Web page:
During the iPhone 5 event, Phil Schiller said Apple had increased color saturation by 44%, which is an amazing improvement, so the guys from dot-color.com have purchased a unit and used their PR-655 spectroradiometer to check Apple's claims.
The results speak for themselves: Apple has done an excellent job improving color saturation and display quality, but the iPhone 5 unit they measured just didn't stack up to Apple's marketing claims.
The 44% more color claim for the iPhone 5 is the same claim Apple made for the new iPad. As with the iPad, increasing the color performance of the iPhone 4S by 44% of NTSC 1953 gamut, measured using the CIE 1931 color space, would result in color saturation matching the sRGB color standard. Using these standards as the goal posts, we measured the iPhone 5 at 70% of NTSC 1953 in CIE 1931, a 39% increase from the iPhone 4S, which measured at 50%. That’s 5% less of an improvement than Apple’s 44% claim and just 99% of sRGB (measured against the sRGB primaries).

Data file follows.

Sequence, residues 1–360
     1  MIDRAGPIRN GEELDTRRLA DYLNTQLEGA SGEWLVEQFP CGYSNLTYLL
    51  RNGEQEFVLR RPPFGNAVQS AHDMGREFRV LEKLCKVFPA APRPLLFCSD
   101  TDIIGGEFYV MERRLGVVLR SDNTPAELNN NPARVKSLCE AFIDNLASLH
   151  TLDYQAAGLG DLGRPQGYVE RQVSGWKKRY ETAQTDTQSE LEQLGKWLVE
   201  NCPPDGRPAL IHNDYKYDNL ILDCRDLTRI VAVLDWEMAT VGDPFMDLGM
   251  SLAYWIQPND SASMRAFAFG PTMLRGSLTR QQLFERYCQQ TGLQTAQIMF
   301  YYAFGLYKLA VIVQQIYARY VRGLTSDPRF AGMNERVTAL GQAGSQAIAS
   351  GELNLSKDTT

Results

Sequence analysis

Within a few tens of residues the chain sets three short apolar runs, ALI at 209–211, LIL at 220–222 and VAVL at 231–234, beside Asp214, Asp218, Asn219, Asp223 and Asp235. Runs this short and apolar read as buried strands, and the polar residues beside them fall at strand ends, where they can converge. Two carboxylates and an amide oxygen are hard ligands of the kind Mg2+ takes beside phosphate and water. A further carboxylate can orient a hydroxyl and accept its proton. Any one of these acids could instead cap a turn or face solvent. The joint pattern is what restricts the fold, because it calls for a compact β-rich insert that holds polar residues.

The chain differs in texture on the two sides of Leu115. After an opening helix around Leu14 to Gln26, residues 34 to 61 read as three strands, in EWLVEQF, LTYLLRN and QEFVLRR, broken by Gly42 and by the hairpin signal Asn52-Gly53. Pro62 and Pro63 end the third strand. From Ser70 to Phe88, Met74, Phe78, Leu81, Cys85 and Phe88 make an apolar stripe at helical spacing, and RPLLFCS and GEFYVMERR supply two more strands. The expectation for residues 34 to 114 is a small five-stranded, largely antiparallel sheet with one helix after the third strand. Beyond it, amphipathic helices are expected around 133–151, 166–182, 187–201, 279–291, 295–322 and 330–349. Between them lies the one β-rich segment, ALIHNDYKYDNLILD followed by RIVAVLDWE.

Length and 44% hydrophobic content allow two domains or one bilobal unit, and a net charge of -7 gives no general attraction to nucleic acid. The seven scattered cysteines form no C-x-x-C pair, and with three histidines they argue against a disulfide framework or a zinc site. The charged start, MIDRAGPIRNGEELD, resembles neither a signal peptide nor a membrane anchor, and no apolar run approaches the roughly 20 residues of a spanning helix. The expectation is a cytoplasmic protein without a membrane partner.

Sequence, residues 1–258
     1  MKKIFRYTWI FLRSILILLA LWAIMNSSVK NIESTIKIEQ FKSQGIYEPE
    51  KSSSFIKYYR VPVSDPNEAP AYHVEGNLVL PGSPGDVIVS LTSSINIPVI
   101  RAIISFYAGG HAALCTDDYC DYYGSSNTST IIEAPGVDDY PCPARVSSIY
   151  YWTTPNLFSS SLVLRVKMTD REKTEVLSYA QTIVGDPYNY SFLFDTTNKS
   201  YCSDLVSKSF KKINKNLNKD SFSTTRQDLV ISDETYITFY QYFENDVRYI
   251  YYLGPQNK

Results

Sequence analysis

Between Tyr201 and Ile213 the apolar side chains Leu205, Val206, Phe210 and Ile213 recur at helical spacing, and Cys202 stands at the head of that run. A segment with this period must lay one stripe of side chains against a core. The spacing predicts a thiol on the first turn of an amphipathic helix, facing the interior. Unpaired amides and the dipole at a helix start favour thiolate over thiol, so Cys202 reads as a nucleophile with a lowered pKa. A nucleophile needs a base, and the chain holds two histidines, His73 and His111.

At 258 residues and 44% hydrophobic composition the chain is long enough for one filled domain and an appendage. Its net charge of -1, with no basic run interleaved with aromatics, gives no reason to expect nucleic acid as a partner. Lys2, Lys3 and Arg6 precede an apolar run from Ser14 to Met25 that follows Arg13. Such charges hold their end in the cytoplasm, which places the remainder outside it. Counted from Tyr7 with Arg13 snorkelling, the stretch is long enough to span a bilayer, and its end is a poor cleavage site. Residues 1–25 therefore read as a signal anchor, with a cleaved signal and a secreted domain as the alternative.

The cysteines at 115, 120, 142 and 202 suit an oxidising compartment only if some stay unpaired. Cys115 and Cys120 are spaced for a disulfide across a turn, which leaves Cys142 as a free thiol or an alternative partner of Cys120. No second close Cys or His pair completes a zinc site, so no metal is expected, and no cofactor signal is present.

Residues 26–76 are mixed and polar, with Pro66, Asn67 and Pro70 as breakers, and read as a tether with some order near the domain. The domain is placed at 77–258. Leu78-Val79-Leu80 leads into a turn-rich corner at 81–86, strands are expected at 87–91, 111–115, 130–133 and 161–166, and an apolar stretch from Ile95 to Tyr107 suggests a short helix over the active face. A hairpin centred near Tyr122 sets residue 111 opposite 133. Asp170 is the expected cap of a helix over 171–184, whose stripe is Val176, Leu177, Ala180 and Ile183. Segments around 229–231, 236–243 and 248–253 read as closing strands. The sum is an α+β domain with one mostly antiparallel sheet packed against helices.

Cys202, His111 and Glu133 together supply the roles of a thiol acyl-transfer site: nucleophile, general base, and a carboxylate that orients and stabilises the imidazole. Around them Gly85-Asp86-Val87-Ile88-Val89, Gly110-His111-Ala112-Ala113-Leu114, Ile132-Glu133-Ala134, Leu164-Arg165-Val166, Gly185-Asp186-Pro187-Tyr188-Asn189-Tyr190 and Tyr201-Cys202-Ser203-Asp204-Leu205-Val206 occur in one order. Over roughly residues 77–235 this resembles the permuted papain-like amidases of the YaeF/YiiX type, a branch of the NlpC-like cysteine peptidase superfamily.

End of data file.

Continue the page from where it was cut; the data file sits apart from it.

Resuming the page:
Although 5% seems like a big fail, the iPhone 5 display will result in a better user experience with better colors. And how did they do that? Jeff Yurek of dot-color points out that color filters are very difficult to manufacture, but that Apple had improved the color filter performance. This, however, also means the display needs an additional 20–30% more power, which once again highlights the Apple engineering team's efforts to keep the battery life up to their standards. [Via dot-color.com, iCLarified]Contact Us for News Tips, Corrections and Feedback